Winning Hearts and Minds: War Poems by Vietnam Veterans edited by Larry Rottmann, edited by Jan Barry, edited by Basil T. Paquet
Obscenities by Michael Casey
The Pound Era by Hugh Kenner
A ZBC of Ezra Pound by Christine Brooke-Rose
Where Have All the Robots Gone?: Worker Dissatisfaction in the 70s by Harold L. Sheppard, by Neal Q. Herrick
The Hidden Injuries of Class by Richard Sennett, by Jonathan Cobb
The Company and the Union: The “Civilized Relationship” of the General Motors Corporation and the United Auto Workers by William Serrin
Bitter Wages: Ralph Nader’s Study Group Report on Disease and Injury on the Job by Joseph A. Page, by Mary-Win O'Brien
Work in America: Report of a Special Task Force to the Secretary of Health, Education, and Welfare
Virginia Woolf: A Biography by Quentin Bell
Lytton Strachey: The Really Interesting Question and Other Papers edited by Paul Levy
Vichy France: Old Guard and New Order, 1940-1944 by Robert O. Paxton
American Mischief by Alan Lelchuk
The Manticore by Robertson Davies
Fifth Business by Robertson Davies
The Diffusion of Power: An Essay in Recent History by W.W. Rostow
Nancy: The Life of Lady Astor by Christopher Sykes
Augustus to Constantine: The Thrust of Christianity into the Roman World by Robert M. Grant
Religion and Society in the Age of Saint Augustine by Peter Brown
Noel Annan (1916–2000) was a British military intelligence officer and scholar of European history. His works include Leslie Stephen and Our Age, Changing Enemies: The Defeat and Regeneration of Germany, and The Curious Strength of Positivism in English Political Thought.
Elizabeth Hardwick (1916-2007) was born in Lexington, Kentucky, and educated at the University of Kentucky and Columbia University. A recipient of a Gold Medal from the American Academy of Arts and Letters, she is the author of three novels, a biography of Herman Melville, and four collections of essays. She was a co-founder and advisory editor of The New York Review of Books and contributed more than one hundred reviews, articles, reflections, and letters to the magazine. NYRB Classics publishes Sleepless Nights, a novel, and Seduction and Betrayal, a study of women in literature.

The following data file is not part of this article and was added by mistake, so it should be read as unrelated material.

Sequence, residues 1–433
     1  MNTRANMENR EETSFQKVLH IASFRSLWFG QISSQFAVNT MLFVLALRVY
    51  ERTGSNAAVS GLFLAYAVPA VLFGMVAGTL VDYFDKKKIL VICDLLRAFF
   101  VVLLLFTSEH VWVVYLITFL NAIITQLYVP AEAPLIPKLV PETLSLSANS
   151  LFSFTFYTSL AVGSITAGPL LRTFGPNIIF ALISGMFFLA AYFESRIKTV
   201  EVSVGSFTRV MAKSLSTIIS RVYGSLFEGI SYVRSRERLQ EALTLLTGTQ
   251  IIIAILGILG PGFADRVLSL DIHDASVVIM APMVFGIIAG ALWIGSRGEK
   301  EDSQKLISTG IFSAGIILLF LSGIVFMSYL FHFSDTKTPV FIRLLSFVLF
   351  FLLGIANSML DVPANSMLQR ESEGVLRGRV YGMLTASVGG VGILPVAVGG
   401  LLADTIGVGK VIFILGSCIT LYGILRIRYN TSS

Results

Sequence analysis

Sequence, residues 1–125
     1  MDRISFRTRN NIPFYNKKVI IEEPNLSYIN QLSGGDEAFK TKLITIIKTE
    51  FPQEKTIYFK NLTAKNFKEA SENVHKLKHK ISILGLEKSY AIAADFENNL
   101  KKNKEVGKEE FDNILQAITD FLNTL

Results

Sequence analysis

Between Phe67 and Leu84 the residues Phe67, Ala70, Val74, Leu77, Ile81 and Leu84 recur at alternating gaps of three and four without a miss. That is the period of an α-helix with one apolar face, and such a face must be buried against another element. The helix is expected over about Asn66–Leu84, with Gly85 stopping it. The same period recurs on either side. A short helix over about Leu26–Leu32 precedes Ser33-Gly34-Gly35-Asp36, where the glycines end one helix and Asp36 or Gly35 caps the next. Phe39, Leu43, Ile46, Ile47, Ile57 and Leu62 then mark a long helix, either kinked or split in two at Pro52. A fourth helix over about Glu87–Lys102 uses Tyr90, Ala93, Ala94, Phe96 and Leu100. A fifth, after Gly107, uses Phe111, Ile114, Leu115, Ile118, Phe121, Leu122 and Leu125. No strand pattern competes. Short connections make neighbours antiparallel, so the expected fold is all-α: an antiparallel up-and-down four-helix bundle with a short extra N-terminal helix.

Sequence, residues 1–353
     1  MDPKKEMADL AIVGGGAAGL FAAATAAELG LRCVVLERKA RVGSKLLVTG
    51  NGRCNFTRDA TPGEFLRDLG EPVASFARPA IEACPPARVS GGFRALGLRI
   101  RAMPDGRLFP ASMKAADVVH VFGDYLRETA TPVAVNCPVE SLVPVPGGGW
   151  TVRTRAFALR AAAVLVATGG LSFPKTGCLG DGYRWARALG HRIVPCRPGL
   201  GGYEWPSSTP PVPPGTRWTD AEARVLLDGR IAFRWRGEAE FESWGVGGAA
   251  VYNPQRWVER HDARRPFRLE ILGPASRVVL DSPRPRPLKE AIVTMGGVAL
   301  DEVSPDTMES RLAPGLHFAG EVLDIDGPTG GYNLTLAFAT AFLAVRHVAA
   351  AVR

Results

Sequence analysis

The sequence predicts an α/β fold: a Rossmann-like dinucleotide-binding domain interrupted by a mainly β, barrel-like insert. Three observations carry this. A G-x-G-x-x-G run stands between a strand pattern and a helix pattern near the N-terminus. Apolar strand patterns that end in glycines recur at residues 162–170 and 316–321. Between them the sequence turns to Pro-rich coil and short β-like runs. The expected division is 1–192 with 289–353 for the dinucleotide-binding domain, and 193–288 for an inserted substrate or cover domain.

Stanley Hoffmann is Paul and Catherine Buttenwieser University Professor at Harvard. His most recent books are Chaos and Violence: What Globalization, Failed States, and Terrorism Mean for US Foreign Policy and Rousseau and Freedom, coedited with Christie McDonald.
Murray Kempton (1917-1997) was a columnist for Newsday, as well as a regular contributor to The New York Review of Books. His books include Rebellions, Perversities, and Main Events and The Briar Patch, as well as Part of Our Time. He won the Pulitzer Prize in 1985.
Roger Sale is a critic and journalist. Until 1999, he was Professor of English at the University of Washington. His books include Modern Heroism: Essays on D. H. Lawrence, William Empson and J.R.R. Tolkien and On Not Being Good Enough: Writings of a Working Critic.
Stephen Spender (1909–1995) was an English poet and essayist. As a young man, he became friends with W.H. Auden, Louis MacNeice, Cecil Day-Lewis, and Christopher Isherwood, a loose collection often referred to as “the Auden Group” or “MacSpaunday.” He published many collections of poems, including The Still Centre and Ruins and Visions, and numerous volumes of nonfiction and other works, including Learning Laughterand Love-Hate Relations.
Mary McCarthy (1912-1989) was a novelist, essayist, and critic. Her political and social commentary, literary essays, and drama criticism appeared in magazines such as Partisan Review, The New Yorker, Harper’s, and The New York Review of Books, and were collected in On the Contrary (1961), Mary McCarthy’s Theatre Chronicles 1937-1962 (1963), The Writing on the Wall (1970), Ideas and the Novel (1980), and Occasional Prose (1985). Her novels include The Company She Keeps (1942), The Oasis (1949), The Groves of Academe (1952), A Charmed Life (1955), The Group (1963), Birds of America (1971), and Cannibals and Missionaries (1979). She was the author of three works of autobiography, Memories of a Catholic Girlhood (1957), How I Grew (1987), and the unfinished Intellectual Memoirs (1992), and two travel books about Italy, Venice Observed (1956) and The Stones of Florence (1959). Her essays on the Vietnam War were collected in The Seventeenth Degree (1974); her essays on Watergate were collected in The Mask of State (1974).